What to do when selling an older PC (desktop or laptop)

So we all get to that point when we buy or build a new PC desktop, or purchase a new laptop. You've got your old one lying around, and know you could make back a few bucks if you sell it or part it out. But what about the hard drive that has all your info on it? What about the OS that is registered in your name?

I'm not sure how this would work. If you sell the used system complete, is there a way to make sure that all your personal information is erased? And what about the OS (assuming a Windows version)? It's officially registered to you with Microsoft, is there a way to delete your info & transfer the registration to the new owner?

I've been thinking about this because I have an old, old, old I3 laptop that I haven't used in years, and thought I could make a few bucks if I sold it on Ebay. But the info on the hard drive worries me, as well as all the info that Microsoft has through my registration of that copy of Windows. How can I safely sell this old laptop?

As far as desktops go, I usually buy a new gaming PC about every 3-4 years (maybe longer now with all the shortages), and when I do, I keep my older one as a backup PC. Eventually when I upgrade again, I'll part out that 3rd desktop and sell the parts on Ebay, or elsewhere. But never the hard drive (C drive), because of the info that might be gleaned from it even if I erase it, and because of the copy of Windows is registered to me. What's the best way to go about this?

Moderators: I wasn't really sure what category to put this question in, as it's not actually a "gaming" question, but a hardware related question. Hopefully this category is okay, but feel free to move it.
I tend to buy new hardware fairly regularly, and I always sell the old parts on locally to help fund my habit. I havent ever sold a complete system because I'm always using the rest of it still. When I was younger and poorer I would just use a system until something blew up.

Not entirely sure how it works with laptops, they come with OEM copies of Windows that cant be used on other machines, so I don't know if you cant just log out of your personal MS account on the machine somehow? I know you can use Windows legally without a license indefinitely, so it wouldnt hurt to format and fresh reinstall it and not register it.

For HDD's I usually just give them to someone I know for cheap, or keep them in the cupboard. I've got a few in cases I use for backing up pictures etc. My dad used to take his to work where they had some sort of MRI machine for scanning engine parts for micro fractures, he'd run it through the magnet a couple of times and then just put them to electronic waste there.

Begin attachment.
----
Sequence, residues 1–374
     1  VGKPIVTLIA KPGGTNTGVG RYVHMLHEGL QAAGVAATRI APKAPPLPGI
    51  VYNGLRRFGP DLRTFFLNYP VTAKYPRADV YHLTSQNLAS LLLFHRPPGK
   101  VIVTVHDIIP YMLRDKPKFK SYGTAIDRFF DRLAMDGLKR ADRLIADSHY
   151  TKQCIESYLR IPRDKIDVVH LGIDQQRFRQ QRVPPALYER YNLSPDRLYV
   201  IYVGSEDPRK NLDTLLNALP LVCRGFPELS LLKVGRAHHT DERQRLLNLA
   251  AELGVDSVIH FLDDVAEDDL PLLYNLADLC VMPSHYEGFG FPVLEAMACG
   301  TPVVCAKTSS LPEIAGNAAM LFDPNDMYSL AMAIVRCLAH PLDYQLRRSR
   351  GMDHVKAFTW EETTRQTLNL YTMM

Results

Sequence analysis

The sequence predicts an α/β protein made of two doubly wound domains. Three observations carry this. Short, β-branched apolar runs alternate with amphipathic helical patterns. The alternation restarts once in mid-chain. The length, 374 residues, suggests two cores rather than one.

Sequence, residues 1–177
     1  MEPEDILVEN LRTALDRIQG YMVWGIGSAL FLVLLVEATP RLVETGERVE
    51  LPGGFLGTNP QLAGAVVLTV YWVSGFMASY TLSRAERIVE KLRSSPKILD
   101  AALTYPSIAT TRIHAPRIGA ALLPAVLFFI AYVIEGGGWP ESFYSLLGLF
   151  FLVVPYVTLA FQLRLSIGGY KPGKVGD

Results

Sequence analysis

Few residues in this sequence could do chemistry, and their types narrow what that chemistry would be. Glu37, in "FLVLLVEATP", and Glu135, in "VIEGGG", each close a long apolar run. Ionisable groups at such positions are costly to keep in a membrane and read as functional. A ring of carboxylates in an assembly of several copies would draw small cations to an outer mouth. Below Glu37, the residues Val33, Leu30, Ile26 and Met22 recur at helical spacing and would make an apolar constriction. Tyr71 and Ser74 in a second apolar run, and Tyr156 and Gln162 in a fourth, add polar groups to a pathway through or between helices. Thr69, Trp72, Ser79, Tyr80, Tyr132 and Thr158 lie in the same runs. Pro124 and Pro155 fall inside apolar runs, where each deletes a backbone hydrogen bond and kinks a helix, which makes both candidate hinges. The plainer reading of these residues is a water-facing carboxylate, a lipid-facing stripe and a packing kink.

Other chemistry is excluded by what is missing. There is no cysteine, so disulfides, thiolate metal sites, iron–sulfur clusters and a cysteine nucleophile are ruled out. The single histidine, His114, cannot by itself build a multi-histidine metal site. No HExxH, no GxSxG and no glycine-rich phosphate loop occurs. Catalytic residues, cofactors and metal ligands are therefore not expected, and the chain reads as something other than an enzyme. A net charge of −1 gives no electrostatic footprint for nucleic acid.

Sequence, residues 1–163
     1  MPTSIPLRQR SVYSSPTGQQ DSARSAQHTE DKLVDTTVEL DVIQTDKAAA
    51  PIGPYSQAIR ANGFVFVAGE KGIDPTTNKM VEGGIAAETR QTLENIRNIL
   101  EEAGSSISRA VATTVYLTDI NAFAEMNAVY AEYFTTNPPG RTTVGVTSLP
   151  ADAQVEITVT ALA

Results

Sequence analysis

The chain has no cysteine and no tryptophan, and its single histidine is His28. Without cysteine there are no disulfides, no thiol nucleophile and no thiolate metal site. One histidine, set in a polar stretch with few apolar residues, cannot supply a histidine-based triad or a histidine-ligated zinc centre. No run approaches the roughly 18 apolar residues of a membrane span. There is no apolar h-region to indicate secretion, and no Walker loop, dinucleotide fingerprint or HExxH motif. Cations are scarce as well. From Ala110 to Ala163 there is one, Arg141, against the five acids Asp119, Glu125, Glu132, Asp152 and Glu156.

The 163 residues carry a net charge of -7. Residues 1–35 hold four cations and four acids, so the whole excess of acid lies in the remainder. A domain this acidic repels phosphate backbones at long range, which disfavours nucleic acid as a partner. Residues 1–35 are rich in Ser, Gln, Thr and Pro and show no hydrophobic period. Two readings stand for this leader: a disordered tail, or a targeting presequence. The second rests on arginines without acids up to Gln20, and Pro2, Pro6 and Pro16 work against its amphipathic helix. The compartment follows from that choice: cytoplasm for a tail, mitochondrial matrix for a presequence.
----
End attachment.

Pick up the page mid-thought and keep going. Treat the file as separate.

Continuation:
I sold an old SSD recently that was my OS drive for quite a long time. Samsung has a secure erase option in their software that I used, after normal formatting. Not sure if its possible for the CIA to recover data through that but I guess I'll take my chances.
I have given a friend my old PC every time for the last 4 computers until last year. But I didn't give him my hdd, its still in my drawer. It won't ever be used again. I still have my last PC as I didn't want to let go of its case just yet. Its sitting at the base of my bed. It works still. I just have a newer one. I should plug it in and upgrade windows.

Just as I have never sold a hdd, I wouldn't buy one 2nd hand. HDD are the most likely things in PC to die so buying a 2nd hand one just sounds like Russian Roulette for my data. SSD are almost as bad in that regard (worse really as you can't hear a change in them before they stop... hdd can start clicking)

take the drives out if you can. Keep them and then its up to person buying to get windows.

If its a Windows 10 PC, and they are smart, they could just put win 10 on and when they get to screen asking for licence, click "I don't have one" and win 10 will check activation servers once installed and could just reactivate. Its not linked to you in anyway, just the PC. You generally can't link OEM win 10 to an email address. Its linked to PC
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If you occasionally want to archive stuff onto old drives, a 'toaster' is handy to have. I bought this one a while back, has done the needful since. Also handy for cloning drives and backup.

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@Brian Boru - I do have an older desktop PC that's about 8 or 9 years old that I use for that purpose. Fortunately, it's got 6 hot swap bays that I can plug in my older HHDs and just use for data storage of photos, screenshots, ect.

@Colif & @Kaamos_Llama - I've never bought used PC parts, as I'm just leery of how hard they've been used, especially any kind of HD or video card. And while I've parted out older desktops and sold the parts, but not the "C" drive which I just wipe and then use as a backup drive in a hot swap bay, I always keep my previous gaming PC as a backup just in case.

It was mainly that old laptop I was thinking of getting rid of (as my apartment is starting to look like a warehouse) because it's not really something I use anymore. It's not viable as a gaming laptop, as it only has integrated graphics, just something I used for work back before I retired. So maybe I'll just wipe the HD on it and try to sell it as is, or if it's not worth anything on the market, I'll just give it away.

Thanks everyone for the responses.